Toward Smarter Interactions with Data

Welcome! I'm a computer scientist with interests that also span statistical inference, journalism, cognitive science, and behavioral economics. My research looks at how to design, evaluate, coordinate, and think about representations of data for amplifying cognition and decision making. Information visualizations leverage perception to summarize data in a cognitively efficient format, making them popular in science, analysis, and the media. However, many visualizations and other data summaries fail to communicate effectively. Beyond poor choices in how to visually encode data, a central problem is that authors often omit or downplay uncertainty information, such that data are interpreted as being more credible than they are. My work aims to help more people make sense of complex information, and in particular to reason about data under uncertainty.

My research develops novel interactive tools and techniques that extend and amplify users' abilities to think with data, as well as theoretical frameworks for understanding what it means to think effectively with data. In my work I'm often seeking data and interface abstractions that align with people's natural, internal representations of complex phenomena like probability or measurement. I draw heavily on theories of statistical inference as a standard against which to reason about ``good'' representations. My recent work has contributed interfaces and formal models that apply Bayesian inference to data analysis and interpretation, techniques for representing uncertainty in data as discrete sets of outcomes over time or space, algorithms and interfaces that use analogies to help people make sense of large measurements, and constraint and cost-based approaches to support automated reasoning about what makes a set of visualizations like a dashboard or sequence effective. I'm also thinking often these days about incentives in data analysis and communication, as well as strategic effects.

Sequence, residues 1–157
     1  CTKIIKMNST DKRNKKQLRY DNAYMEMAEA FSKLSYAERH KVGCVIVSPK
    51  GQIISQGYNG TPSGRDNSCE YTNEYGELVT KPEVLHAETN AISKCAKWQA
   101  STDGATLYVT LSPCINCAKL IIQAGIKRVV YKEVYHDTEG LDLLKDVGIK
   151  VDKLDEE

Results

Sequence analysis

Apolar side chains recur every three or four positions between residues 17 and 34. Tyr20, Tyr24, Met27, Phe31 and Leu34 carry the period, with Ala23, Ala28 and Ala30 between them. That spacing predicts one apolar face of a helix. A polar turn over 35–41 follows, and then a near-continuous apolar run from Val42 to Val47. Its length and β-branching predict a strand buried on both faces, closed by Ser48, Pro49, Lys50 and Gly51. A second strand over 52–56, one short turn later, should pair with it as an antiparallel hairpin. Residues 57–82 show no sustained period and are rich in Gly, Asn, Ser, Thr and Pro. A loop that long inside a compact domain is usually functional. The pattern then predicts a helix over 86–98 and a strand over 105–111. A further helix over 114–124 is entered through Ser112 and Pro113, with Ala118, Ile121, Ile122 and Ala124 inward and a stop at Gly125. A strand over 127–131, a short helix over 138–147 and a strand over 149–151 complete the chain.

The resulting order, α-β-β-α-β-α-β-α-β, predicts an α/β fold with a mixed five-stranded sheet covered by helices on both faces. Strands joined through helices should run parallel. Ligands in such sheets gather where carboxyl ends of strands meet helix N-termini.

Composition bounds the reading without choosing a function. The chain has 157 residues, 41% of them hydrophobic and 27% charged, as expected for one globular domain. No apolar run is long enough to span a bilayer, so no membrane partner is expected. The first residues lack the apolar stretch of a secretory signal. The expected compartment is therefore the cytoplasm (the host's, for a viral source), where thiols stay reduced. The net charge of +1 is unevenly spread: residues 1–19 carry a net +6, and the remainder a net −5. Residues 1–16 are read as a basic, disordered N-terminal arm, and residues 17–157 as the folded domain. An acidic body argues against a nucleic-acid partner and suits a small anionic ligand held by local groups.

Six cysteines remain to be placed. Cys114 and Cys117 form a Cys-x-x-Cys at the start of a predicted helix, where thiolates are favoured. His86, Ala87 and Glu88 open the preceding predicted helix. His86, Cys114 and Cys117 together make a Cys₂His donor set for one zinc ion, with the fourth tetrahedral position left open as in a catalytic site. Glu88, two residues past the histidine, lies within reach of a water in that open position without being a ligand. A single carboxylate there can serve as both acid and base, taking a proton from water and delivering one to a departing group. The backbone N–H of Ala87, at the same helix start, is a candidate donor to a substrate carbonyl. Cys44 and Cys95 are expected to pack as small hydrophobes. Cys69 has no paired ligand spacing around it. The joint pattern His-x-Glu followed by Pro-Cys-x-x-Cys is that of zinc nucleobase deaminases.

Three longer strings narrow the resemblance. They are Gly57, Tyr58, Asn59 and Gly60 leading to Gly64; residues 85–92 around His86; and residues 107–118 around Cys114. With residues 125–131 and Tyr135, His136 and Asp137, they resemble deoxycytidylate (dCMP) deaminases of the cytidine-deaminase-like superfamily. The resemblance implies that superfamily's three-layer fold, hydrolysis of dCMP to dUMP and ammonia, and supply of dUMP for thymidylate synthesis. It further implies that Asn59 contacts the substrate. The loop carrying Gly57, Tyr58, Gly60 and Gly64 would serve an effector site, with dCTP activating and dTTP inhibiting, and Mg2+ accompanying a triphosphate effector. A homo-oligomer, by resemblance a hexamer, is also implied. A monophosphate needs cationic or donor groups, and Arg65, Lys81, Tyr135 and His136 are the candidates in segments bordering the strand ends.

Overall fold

Brief Bio

I am currently an Associate Professor of Computer Science & Engineering at Northwestern University, where I direct the MU Collective with Matt Kay, a lab devoted to improving visualizations and data interfaces by leveraging theory and empirical findings on judgment under uncertainty. I am also an Associate Professor in the Medill School of Journalism at Northwestern. From January 2015 to July 2018 I was an Assistant Professor in the iSchool at University of Washington and an adjunct Assistant Professor at UW CSE, where I was a member of the Interactive Data Lab and the DataLab. Before this I was a postdoc at UC Berkeley Computer Science, working with Maneesh Agrawala (supported by Tableau Software). My Ph.D. and MSI are from the University of Michigan School of Information, where I worked with Eytan Adar.

I advise a number of talented Ph.D. students including Yea-Seul Kim, Alex Kale, Paula Kayongo, Hyeok Kim, Priyanka Nanayakkara, Abhraneel Sarma, and Dongping Zhang.

Selected Recent Publications

Kale, A.*, Kay, M., and Hullman, J. Visual Reasoning Strategies and Satisficing: How Uncertainty Visualization Design Impacts Effect Size Judgments and Decisions. IEEE VIS 2020 Best Paper Award. preprint

Kim, YS.*, Kayongo, P., Grunde-McLaughlin, M., and Hullman, J. Bayesian-Assisted Inference from Visualized Data. IEEE VIS 2020. preprint

Hullman, J. Why Authors Don't Visualize Uncertainty. IEEE VIS 2019. PDF

Kim*, YS., Walls, L., Krafft, P., and Hullman, J. A Bayesian Cognition Approach to Improve Data Visualization. ACM CHI 2019. PDF

Hullman, J., Qiao*, X., Correll, M., Kale*, A., and Kay, M. In Pursuit of Error: A Survey of Uncertainty Visualization Evaluation. IEEE VIS 2018. PDF

* denotes student advisee

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